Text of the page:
Corpus repositories such as CoRD include documentation such as compiler, collaborators, associated institutions, wordcounts, text counts, and often include a recommended citation, which I would strongly encourage as a best practice to be widely adopted.
Here is a working list of best citation practices outlined for several corpora I am using or have encountered. These have been cobbled together from normative citation practices with input from the collection creators. (Nb. collection creators: please contact me with suggestions to improve these citations).
This is a work in progress, and I will be updating it occasionally where appropriate. Citations below follow MLA style, but should be adaptable into the citation model of choice.
Folger Shakespeare Library. Shakespeare’s Plays from Folger Digital Texts. Ed. Barbara Mowat, Paul Werstine, Michael Poston, and Rebecca Niles. Folger Shakespeare Library, dd mm yyyy. http://folgerdigitaltexts.org/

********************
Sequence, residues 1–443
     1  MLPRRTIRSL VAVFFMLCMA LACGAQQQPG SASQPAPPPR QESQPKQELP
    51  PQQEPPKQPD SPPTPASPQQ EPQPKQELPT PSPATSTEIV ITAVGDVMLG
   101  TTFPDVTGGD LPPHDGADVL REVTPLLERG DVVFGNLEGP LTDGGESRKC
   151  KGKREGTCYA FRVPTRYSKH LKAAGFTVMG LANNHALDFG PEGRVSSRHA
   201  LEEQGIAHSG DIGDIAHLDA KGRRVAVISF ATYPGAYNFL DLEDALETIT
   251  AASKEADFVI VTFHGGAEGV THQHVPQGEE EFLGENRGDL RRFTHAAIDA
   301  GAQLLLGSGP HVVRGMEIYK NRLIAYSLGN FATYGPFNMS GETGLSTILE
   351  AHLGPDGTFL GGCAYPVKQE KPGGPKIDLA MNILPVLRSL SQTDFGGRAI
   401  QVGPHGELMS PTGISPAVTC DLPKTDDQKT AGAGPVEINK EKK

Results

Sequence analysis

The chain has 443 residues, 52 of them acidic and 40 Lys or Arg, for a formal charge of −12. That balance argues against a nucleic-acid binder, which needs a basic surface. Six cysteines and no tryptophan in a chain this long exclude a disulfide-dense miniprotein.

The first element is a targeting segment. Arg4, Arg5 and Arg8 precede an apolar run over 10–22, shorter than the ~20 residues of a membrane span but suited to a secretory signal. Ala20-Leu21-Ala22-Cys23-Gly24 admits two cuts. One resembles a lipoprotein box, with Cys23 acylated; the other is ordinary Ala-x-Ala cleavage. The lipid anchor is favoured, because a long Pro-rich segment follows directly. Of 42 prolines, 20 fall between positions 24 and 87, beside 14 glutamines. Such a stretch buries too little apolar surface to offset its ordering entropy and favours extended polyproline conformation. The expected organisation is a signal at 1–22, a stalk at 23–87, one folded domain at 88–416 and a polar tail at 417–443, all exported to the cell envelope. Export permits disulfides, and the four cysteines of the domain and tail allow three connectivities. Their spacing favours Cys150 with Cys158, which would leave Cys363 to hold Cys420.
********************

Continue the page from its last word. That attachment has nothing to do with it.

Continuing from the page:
Mueller, M. “Wordhoard Shakespeare”. Northwestern University, 2004- 2013. Available online: http://wordhoard.northwestern.edu/userman/index.html
Mueller, M. “Standardized Spelling WordHoard Early Modern Drama corpus, 1514- 1662”. Northwestern University, 2010. Available online: http://wordhoard.northwestern.edu.
Mueller, M. “Shakespeare His Contemporaries: a corpus of Early Modern Drama 1550-1650”. Northwestern University, 2015. Available online: https://github.com/martinmueller39/SHC/
EEBO-TCP access points:
There are several access points to the EEBOTCP texts, and one problem is that the text IDs included don’t always correspond to the same texts in all EEBO viewers as Paul Schnaffer describes below.
— Paul Schaffner (@pfs) August 5, 2015
Benjamin Armintor has been exploring the implications of this on his blog, but in general if you’re using the full-text TCP files, you should be citing which TCP database you are using to access the full-text files. Where appropriate, I’ve included a sample citation as well.
1. For texts from http://quod.lib.umich.edu/e/eebogroup/, follow the below formula:
Author. Title. place: year, Early English Books Online Text Creation Partnership, Phase 1, Oxford, Oxfordshire and Ann Arbor, Michigan, 2015. quod.umich.edu/permalink date accessed: dd mm yyyy